Derived from combining the words ‘Hack’ and ‘Activism’, hacktivism is the act of hacking, or breaking into a computer system, for politically or socially motivated purposes. The individual who performs an act of hacktivism is said to be a hacktivist.
The hacktivist who does such acts, such as defacing an organisation’s website or leaking that organisation’s information, aims to send a message through their activities and gain visibility for a cause they are promoting.
Common targets for hacktivists include government agencies, multinational corporations, or any other entity perceived as ‘bad’ or ‘wrong’ by the hacktivist group or individual. Of course, gaining unauthorized access to any organisation’s assets through such activities is a criminal act, no matter what the intention might be.
Primarily hacktivism is sparked by an individual’s or group’s perception of what they consider to be ‘wrong’ or ‘unjust’ and hence incentivizes them to do something about it. Motivations include revenge, political or social incentives, ideology, protest, a desire to embarrass certain organisations or individuals within those organisations or sometimes sheer vandalism.
In general, hacker groups aim to question, provoke, and challenge governments, organizations, and companies who go against their moral position.
There are many hacktivist groups worldwide, all working towards different, though sometimes the same, goal of disrupting or exposing the inner workings of government or private organisations in the name of transparency and the public good. The most famous of these types of hacktivist group is that known as ‘Anonymous’.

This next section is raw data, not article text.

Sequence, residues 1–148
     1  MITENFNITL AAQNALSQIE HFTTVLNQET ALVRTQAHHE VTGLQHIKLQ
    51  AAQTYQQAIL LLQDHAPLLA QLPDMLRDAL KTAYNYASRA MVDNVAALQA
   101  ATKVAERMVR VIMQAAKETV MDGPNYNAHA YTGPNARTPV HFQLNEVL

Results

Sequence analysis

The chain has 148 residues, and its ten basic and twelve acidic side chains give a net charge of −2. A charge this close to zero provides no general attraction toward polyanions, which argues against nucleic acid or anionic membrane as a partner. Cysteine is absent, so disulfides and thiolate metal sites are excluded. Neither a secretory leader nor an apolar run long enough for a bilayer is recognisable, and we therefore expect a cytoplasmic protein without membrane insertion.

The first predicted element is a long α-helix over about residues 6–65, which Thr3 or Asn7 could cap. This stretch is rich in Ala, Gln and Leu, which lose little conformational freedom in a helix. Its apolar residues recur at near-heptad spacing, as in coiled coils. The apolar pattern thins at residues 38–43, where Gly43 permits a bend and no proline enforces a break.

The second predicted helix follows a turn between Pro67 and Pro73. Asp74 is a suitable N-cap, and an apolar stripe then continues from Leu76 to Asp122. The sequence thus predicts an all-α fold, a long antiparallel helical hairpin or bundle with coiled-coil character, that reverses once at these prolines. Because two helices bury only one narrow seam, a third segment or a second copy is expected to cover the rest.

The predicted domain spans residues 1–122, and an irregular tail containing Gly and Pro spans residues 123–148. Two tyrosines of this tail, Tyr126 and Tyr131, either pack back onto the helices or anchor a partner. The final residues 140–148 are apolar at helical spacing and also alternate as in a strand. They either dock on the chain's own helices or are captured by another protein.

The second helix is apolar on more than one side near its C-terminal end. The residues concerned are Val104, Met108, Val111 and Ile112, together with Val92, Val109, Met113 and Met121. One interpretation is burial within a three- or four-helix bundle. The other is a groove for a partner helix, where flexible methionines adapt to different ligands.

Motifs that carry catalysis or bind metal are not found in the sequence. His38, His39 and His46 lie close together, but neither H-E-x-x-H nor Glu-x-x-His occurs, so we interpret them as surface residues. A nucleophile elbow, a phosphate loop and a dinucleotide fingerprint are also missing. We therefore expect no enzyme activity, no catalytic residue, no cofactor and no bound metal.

Formed in 2008, the ‘Anonymous’ hacktivist group were brought to light through their expose on the Church of Scientology orgnisation via the leaking on YouTube of a video involving Tom Cruise. Following requests by the executives at the Church of Scientology for the video to be taken down, Anonymous continued to proceed with a Distributed Denial of Service attack that brought down the Church’s website.
Since then the group has continued their campaigns of non-violent online protests with a regular flow of DDoS attacks and have even targeted the terrorist group ISIS in their efforts to bring their version of justice to the world.
Anonymous has been behind some of the largest hacktivist attacks in recent history, with 2011 seeing a major surge in acts committed against the threat to internet transparency and also saw the group successfully break into a number of corporations and security agency servers, disable government security sites, steal sensitive information such as credit card details, and deface commercial websites. They were not carrying out these acts for their perpetrator’s own financial or personal gain however for the greater good in showing opposition against internet censorship and control.
Additional notable groups include LuzSec, an offshoot of the Anonymous group, who carried out attacks against Fox.com the Sony Playstation Network and the CIA, who had sensitive passwords and private user data stolen as well as networks taken offline by the group.
In 2012, the WikiLeaks political whistle blower site retaliated against Amazon, PayPal, Visa and Mastercard who had been pressure by the US government to halt services in order to prevent its supporters from donating to the hacktivist organization. The retaliation came in the form of DDoS attacks that shut down these sites and caused large scale company losses.
Despite global government efforts, hacktivism has become a force to be reckoned with and still holds the ability to cause mass disruption.